He said he wanted to read my diary because it will tell him how I feel about him.
We ended up having loving sex there in the grass, each masturbating the other to orgasm.
He says he can see I’m holding back sometimes + I admitted it—of course I am, when he continues to tell me he wants a different relationship, one with a woman (because he feels he SHOULD, not that he wants it).
He gave me a transistor radio for my birthday so I could listen to it at night like I used to on Bluemound Rd. He also took a self-portrait for me + developed one of the photos he took of me on the roof of Seventeenth Street when we first knew each other.
J phoned me for my birthday, telling me he finally got a job in Japan, something he’s dreamed of for several years. He’s leaving the end of the month to teach English to Japanese businessmen + housewives. I am happy for him, but feel a little melancholic.
This gay woman at work told me this “terrible” thing some man said to her in a store: he mumbled that she “must be a boy.” She was shocked ! (I mentioned that someone had called me “her” the other day in a store + this gay woman just dismissed it, “Oh, YOU don’t look like a GIRL.”)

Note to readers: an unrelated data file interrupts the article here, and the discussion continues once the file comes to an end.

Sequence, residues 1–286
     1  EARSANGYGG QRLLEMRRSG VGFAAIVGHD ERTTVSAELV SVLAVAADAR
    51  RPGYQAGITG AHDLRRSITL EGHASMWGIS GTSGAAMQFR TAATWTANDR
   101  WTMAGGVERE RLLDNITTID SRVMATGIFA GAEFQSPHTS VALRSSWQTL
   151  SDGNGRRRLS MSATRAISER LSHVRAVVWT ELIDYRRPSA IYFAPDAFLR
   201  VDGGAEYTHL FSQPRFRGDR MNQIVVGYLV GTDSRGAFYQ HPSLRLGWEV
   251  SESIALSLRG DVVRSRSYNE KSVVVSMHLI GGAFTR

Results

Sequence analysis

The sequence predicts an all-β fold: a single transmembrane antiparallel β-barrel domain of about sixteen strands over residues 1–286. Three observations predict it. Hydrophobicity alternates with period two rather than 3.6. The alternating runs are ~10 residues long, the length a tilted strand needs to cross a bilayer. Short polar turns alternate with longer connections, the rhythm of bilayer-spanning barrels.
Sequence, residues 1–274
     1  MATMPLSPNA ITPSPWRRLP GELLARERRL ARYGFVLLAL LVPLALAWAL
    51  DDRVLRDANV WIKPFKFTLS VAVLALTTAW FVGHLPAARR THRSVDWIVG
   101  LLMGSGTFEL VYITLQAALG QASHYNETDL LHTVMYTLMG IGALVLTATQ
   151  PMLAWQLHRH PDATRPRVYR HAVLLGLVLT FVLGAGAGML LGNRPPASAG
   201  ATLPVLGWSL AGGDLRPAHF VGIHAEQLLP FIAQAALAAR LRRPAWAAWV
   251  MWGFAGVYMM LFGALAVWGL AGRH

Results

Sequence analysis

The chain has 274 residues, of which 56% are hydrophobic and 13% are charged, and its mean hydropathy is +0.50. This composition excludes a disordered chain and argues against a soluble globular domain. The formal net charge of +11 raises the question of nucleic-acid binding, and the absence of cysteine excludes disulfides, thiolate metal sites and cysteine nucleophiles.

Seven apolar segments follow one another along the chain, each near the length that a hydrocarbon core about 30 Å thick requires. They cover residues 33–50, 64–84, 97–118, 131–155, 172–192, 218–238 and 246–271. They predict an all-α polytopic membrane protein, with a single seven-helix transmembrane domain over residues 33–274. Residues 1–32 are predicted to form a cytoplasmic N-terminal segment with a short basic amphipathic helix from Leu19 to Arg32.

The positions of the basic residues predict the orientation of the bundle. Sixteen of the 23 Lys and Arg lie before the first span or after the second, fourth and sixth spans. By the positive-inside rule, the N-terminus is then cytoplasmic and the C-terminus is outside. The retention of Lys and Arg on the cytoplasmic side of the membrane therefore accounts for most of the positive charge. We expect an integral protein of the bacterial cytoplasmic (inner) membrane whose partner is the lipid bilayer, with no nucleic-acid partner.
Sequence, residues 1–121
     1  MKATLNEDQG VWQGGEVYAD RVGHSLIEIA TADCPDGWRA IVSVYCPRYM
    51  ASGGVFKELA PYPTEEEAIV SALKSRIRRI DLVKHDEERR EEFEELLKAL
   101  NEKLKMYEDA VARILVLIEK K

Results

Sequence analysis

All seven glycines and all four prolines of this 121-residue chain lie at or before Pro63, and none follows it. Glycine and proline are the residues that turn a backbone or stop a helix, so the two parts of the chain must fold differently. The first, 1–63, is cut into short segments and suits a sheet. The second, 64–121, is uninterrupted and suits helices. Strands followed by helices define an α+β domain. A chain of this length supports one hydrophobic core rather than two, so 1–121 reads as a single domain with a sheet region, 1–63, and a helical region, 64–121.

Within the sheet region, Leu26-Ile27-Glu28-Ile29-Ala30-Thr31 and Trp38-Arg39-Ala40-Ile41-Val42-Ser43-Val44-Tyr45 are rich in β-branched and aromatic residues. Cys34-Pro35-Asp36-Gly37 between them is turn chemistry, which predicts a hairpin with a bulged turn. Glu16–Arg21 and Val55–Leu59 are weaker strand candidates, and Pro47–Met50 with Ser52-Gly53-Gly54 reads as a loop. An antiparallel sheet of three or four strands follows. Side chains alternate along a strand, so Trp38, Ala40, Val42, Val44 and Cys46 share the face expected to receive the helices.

She continued, “Well, this is going in my book! All of these things!”
It amazes me how people think they have such unusual experiences, such exciting lives, when I can’t feel that same way about my life. And I remember Elizabeth Farley, who had lived as a woman for thirty-three years without ever seeking medical help, and I thought “What an exciting life!” yet she couldn’t understand why anyone would want to interview her because she hadn’t done anything special in her life.
He went to have a drink with the gay black man who lives upstairs, who said he’d sell his motorcycle for super cheap to T. T showers and puts on his thin cotton trousers—shirtless, a towel over his shoulder, his hand absently stroking his chest, he steps outside into the sunny backyard + beckons to him through the window, asking to see the motorcycle—